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What's the best, easiest way to clean my toys and action figures?
December 8, 2013 12:40 PM   Subscribe

What's the best, easiest way to clean my toys and action figures?

Over the last few years I've accrued several shelves of toys, vinyl art toys, action figures etc. Over time they get a thin layer of oily dust on them. What's the safest and easiest way to clean these?
I'm not a hardcore collector trying to keep things in ultra mint condition or anything like that, but I do like having em around and would like to clean them without risking any damage or colorfastness.
posted by Senor Cardgage to Sports, Hobbies, & Recreation (7 answers total)
 
I would put them in water with some liquid dish soap, wait a few minutes and then clean them with a sponge, or for hard to reach spots, with an old toothbrush. Dish detergent should do no damage to the material and color.
posted by travelwithcats at 12:57 PM on December 8, 2013 [1 favorite]


More info: Cleaning + Protecting Vinyl Toys, cleaning action figures
posted by travelwithcats at 1:02 PM on December 8, 2013


I'd go with an ultrasonic cleaner. (That's the model I have, and it works pretty well.) They use high frequency vibrations to basically gently jiggle the heck out of things and help loosen up grime and dirt. You can put most cleaners in them, but the standard thing to do is just use some warm, soapy water. Warm, soapy water is pretty gentle (though if your action figures have a lot of decals on them then that might be a problem) but the ultrasonic cleaner will make it much more effective and will help get the oil and grime out of little cracks and crannies. Plus, once you have an ultrasonic cleaner you'll find all sorts of good uses for it! They're handy to have.

The main limitation with ultrasonic cleaners is that unless you're willing to lay out a fair chunk of cash on them they tend to have a fairly small compartment. (The chamber on mine is maybe 6" by 4" by 3" deep.) If some of your action figures and toys are too big for the chamber, you'll have to find another way to clean them. I'd still use warm, soapy water as a first pass. Give them a little soaking like travelwithcats suggests, and then scrub gently with a rag and maybe some Q-tips to get into the harder-to-reach places.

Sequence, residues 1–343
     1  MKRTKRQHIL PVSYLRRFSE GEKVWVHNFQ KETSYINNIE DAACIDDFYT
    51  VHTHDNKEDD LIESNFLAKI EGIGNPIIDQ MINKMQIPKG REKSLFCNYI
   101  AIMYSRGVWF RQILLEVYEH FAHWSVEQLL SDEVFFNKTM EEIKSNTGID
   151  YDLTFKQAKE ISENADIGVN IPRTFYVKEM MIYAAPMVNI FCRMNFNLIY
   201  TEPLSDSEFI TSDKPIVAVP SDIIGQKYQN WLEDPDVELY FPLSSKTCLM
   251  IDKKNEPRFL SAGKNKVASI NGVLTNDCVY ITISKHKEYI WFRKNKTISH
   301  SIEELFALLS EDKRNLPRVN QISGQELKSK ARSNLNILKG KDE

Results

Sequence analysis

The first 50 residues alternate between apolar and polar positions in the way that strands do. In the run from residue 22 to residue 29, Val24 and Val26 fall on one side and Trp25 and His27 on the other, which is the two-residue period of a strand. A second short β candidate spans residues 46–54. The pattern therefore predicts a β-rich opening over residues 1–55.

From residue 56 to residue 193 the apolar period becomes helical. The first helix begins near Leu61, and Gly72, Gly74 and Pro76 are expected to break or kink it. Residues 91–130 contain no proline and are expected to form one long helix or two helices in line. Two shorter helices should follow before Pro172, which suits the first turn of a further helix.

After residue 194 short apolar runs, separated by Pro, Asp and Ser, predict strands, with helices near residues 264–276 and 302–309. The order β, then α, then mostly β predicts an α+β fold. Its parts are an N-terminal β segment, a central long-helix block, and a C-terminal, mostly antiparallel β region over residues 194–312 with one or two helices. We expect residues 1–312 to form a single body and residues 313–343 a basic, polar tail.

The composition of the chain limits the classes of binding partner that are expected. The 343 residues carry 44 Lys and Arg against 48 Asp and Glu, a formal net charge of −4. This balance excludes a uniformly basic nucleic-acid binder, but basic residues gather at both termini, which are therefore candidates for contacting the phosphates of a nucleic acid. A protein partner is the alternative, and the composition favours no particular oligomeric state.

If that doesn't work satisfactorily (though I bet it will) I might try a little alcohol. You could use vodka or Everclear (or 95% lab ethanol, if you have access to it) but I'd avoid rubbing alcohol since it's a bit harsher. Be careful there though, test it on an inconspicuous place first (the bottom of a foot or something) to make sure it's not going to cause any damage. It shouldn't, but you never know.

For toys that have a lot of stickers or paint on them which you're worried about damaging, I wouldn't soak. I'd just soak a rag in some warm, soapy water, wring it out really well such that it's only damp, and then gently wipe the item down with that (and with Q-tips, again). Once again, start on an inconspicuous place to make sure that it's not going to cause any damage. Dry it off well right afterward, so that the water doesn't have a chance to dissolve any glue or paint.

This shouldn't be particularly complicated though, just be gentle and use gentle cleaners. Warm, soapy water should generally be enough to get that oily dusty crap off of them. An ultrasonic cleaner will do a better job more easily, but it's not really necessary. I'd still get one though, because they're great to have. :-)
posted by Scientist at 1:06 PM on December 8, 2013


Traditionally, these are cleaned with Mr. Bubble. Shampoo should be a good adult substitute.
posted by Houstonian at 1:46 PM on December 8, 2013 [1 favorite]


Recently I asked this question. The soap and water advice I was given worked great.
posted by Confess, Fletch at 2:04 PM on December 8, 2013


Yes, shampoo or bubble bath will be gentler than dish soap and probably just as effective. They'll be much foamier though, so if you go the ultrasonic route I wouldn't recommend them. I'd use dish soap for that, and just be somewhat sparing with it. If you're cleaning by hand though then Houstonian's advice is probably spot on.
posted by Scientist at 2:22 PM on December 8, 2013


a mesh bag top rack rinse and hold.
posted by hortense at 3:06 PM on December 8, 2013 [1 favorite]


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